Yes it matters.
And yes it can be confusing because the answer is not clear cut.
The best approach depends on many factors, including:
*your conditioning level: the better your cardiovascular conditioning is, the less stressful on the system the higher intensity methods will be. The less stressful something is, the less cortisol you will produce in response. The less cortisol you produce, the better it will be for your body composition. For example, high intensity intervals might be fine for someone with very good conditioning, but for someone with poor cardiovascular capacities it could be come too much of a stress and do more harm than good.
*what your training looked like: if your lifting workout was very stressful, produced a lot of cortisol, then you might want to stay with lower stress cardio afterwards. Whereas if your lifting session wasn’t too hard or if you didn’t lift, you could do harder with the cardio. For example, I would not use high intensity intervals after a hard leg session but it would be fine after an arm workout.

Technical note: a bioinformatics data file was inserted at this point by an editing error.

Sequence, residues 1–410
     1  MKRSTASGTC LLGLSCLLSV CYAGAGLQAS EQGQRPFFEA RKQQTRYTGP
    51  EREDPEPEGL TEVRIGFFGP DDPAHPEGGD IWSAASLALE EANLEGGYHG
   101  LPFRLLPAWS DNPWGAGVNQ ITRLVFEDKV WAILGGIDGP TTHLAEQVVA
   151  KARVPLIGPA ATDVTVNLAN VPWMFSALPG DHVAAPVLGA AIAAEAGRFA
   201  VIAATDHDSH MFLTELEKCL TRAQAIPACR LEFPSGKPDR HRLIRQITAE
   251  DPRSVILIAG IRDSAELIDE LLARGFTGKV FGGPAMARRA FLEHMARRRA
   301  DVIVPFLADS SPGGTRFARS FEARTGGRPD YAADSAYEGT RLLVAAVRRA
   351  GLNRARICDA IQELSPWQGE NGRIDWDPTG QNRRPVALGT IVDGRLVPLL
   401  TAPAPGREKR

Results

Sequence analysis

*the time of day you are training: high intensity intervals lead to a higher adrenaline production than steady state cardio (this is the reason why intervals burn a bit more calories even after the session is over). If you do it early in the day that is not an issue. But if you do it in the evening it might interfere with your sleep, which will end up being detrimental.
So really there is no clear cut answer.
The harder you workout is, the less intense your cardio should be
The later you train, the less intense your cardio should be
The less cardiovascularly conditioned you are, the less intense your cardio should be
When I work with fat loss clients I always prefer to assume that they are not super cardiovascularly fit (I would rather start less intense and work my way up). And start with mostly steady state, lower intensity cardio.
As they progress I gradually start to add intervals in, but less demanding intervals (for example 15 seconds intense/45 seconds slow for 6-8 minutes) and then I progress toward more demanding intervals.
For example… and this is NOT a prescription. It is NOT what I am telling you to do. It is just to illustrate the approach.
Low intensity steady state cardio 20-30 minutes after your workouts
Keep the low intensity steady state for 20 minutes after your workouts, and add 6-8 minutes of intervals (15/45) twice a week, after the LISS.
Keep the LISS once or twice a week (on the hardest workout days). On the other workout days perform 10-15 min LISS as a warm-up than 30/30 intervals for 8-10 minutes.